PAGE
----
Roger Hallam, Extinction Rebellion

In King’s College there is 30,000 people okay.  One person transformed their corporate policy in three weeks.  His name was Roger Hallam okay.  So what did I do?  I went with five students, I threw like paint around the Gothic central hall and all those Colonial statues, all that sort of thing, the Vice Principal came within 5 minutes.  The following day I was in the room with the Vice Principal.  I was very nice to him because I was doing a Gandhi routine and he said, ‘what do you want?’ and I said, ‘I want you to divest and become carbon free’.  He said, ‘I’ll see what I can do’.  Then I went on hunger strike.  He said, ‘don’t go on hunger strike’.  I said, ‘I am going to stop being on hunger strike when you divest’ and he said, ‘okay I’ll see what I can do’.  Two weeks later he is shaking my hand, the corporate strategy is changed and you know, they are going to divest by 2022.  XR 10,000 people, ten days in London, Greenpeace accepts that we did more to change the climate debate in this country in two weeks with 10,000 people than Greenpeace with a 50 million, you know, dollar annual budget yeah.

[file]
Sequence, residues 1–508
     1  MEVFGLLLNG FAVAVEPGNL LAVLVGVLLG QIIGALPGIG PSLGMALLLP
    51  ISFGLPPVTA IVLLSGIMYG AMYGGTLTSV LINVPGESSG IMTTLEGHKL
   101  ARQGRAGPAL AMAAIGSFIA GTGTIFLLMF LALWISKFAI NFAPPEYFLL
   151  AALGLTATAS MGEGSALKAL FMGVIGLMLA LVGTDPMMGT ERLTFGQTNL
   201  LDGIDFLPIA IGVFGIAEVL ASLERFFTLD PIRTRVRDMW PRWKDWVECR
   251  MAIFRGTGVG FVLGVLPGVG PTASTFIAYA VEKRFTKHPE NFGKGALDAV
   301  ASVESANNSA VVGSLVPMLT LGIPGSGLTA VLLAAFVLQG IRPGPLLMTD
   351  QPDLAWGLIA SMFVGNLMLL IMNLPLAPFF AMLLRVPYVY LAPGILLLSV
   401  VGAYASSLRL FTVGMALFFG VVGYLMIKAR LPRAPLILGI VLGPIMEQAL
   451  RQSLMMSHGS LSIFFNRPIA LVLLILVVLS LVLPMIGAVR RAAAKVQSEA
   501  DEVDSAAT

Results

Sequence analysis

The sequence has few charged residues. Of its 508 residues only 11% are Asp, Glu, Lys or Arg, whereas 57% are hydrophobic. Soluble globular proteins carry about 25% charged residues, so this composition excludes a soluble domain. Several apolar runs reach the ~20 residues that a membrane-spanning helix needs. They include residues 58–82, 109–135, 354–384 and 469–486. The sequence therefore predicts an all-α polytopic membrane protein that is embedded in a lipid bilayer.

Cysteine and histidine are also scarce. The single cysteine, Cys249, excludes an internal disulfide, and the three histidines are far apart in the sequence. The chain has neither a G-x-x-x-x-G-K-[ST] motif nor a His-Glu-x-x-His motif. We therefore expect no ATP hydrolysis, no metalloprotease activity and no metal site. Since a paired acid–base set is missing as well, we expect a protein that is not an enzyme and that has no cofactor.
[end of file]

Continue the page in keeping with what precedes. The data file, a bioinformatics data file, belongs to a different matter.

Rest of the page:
Kat Barry, Head of Impact, Mishcon de Reya

You describe the climate crisis as a genocide but there is a very specific definition for the word genocide which requires an intention to destroy.  Is your view that there is an intention here in the climate crisis or are you using that term genocide in a broader sense?

Roger Hallam, Extinction Rebellion